Nestlé reportedly found E. coli in flour at the Buitoni pizza factory in France linked to a fatal outbreak this year back in August 2021.
French TV programme Envoyé Spécial has claimed an internal document shows the bacteria was picked up in flour at the Caudry site seven months before the Swiss giant recalled almost 1m pizzas and halted production.
Around fifty children fell sick, cases that have been linked to eating Buitoni Fraîch’Up pizzas. Two children died.
Nestlé is facing a preliminary criminal investigation, as well as a lawsuit brought forward on behalf of 55 of the victims. Lawyers for the affected families claim the first cases of children falling ill emerged in January.
The company has said the results of an internal investigation at the Caudry plant “confirm the most likely hypothesis: flour contamination by E. coli STEC bacteria”. The world’s largest food maker is hoping to restart production at the site next month, although the line struck by the contamination will still be closed
Envoyé Spécial claims the internal document, dated 12 September last year, showed E. coli had been discovered in flour at the Buitoni factory the previous month.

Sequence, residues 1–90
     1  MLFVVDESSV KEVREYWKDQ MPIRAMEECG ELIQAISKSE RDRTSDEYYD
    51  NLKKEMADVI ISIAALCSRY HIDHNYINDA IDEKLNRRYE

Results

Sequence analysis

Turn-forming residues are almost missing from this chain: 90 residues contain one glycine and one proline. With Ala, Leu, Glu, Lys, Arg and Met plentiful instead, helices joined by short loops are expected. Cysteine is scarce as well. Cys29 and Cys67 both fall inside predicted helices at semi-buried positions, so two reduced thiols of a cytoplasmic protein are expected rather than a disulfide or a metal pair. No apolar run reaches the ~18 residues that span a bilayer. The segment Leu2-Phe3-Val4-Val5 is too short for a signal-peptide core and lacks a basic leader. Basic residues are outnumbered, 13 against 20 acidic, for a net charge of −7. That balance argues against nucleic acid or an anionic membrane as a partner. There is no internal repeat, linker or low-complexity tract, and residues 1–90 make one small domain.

Approached for comment by Just Food, Nestlé sent a statement. “We reiterate our deepest sympathy and compassion to the families of the victims and individuals impacted by the hemolytic uremic syndrome (HUS) outbreak in France,” the company said.
“When the French health authorities informed the Buitoni team of a potential link between Fraîch’Up pizzas and the HUS outbreak, we immediately conducted a voluntary recall of all Fraîch’Up pizzas, suspended production, and rolled out an extensive information campaign aimed at consumers and our customers.
“Our local teams have been fully transparent and collaborative with the authorities as part of the ongoing investigations and have been working hard to understand the origin of the contamination of Fraîch’Up pizza.
“Our own detailed investigation to date, validated by the French authorities, comprised nearly 2,000 samples and analyses of the factory environment, raw materials and finished products.”
Nestlé added: “At this stage, our investigation and analyses indicate that the most likely source of contamination appears to be the flour used on the specific manufacturing line dedicated exclusively to producing Fraîch’Up pizza.”
The company said it could not comment further, pointing to the ongoing legal investigation.